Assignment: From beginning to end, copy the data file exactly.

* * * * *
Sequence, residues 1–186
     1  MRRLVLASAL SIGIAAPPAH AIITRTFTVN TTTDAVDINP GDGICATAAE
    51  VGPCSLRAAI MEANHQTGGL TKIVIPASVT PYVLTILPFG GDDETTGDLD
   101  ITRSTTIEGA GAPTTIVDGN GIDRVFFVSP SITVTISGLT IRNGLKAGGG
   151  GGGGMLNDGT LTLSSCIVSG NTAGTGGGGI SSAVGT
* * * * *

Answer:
Sequence, residues 1–186
     1  MRRLVLASAL SIGIAAPPAH AIITRTFTVN TTTDAVDINP GDGICATAAE
    51  VGPCSLRAAI MEANHQTGGL TKIVIPASVT PYVLTILPFG GDDETTGDLD
   101  ITRSTTIEGA GAPTTIVDGN GIDRVFFVSP SITVTISGLT IRNGLKAGGG
   151  GGGGMLNDGT LTLSSCIVSG NTAGTGGGGI SSAVGT